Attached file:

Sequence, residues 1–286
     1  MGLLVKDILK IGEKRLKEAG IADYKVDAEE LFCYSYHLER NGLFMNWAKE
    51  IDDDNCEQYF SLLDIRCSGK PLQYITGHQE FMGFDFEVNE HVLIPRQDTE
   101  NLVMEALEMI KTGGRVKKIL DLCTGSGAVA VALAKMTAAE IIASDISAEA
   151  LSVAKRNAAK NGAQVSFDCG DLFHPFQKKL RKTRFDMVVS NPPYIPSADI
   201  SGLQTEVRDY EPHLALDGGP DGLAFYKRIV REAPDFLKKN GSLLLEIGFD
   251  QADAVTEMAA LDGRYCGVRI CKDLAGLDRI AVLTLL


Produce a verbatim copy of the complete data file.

Sequence, residues 1–286
     1  MGLLVKDILK IGEKRLKEAG IADYKVDAEE LFCYSYHLER NGLFMNWAKE
    51  IDDDNCEQYF SLLDIRCSGK PLQYITGHQE FMGFDFEVNE HVLIPRQDTE
   101  NLVMEALEMI KTGGRVKKIL DLCTGSGAVA VALAKMTAAE IIASDISAEA
   151  LSVAKRNAAK NGAQVSFDCG DLFHPFQKKL RKTRFDMVVS NPPYIPSADI
   201  SGLQTEVRDY EPHLALDGGP DGLAFYKRIV REAPDFLKKN GSLLLEIGFD
   251  QADAVTEMAA LDGRYCGVRI CKDLAGLDRI AVLTLL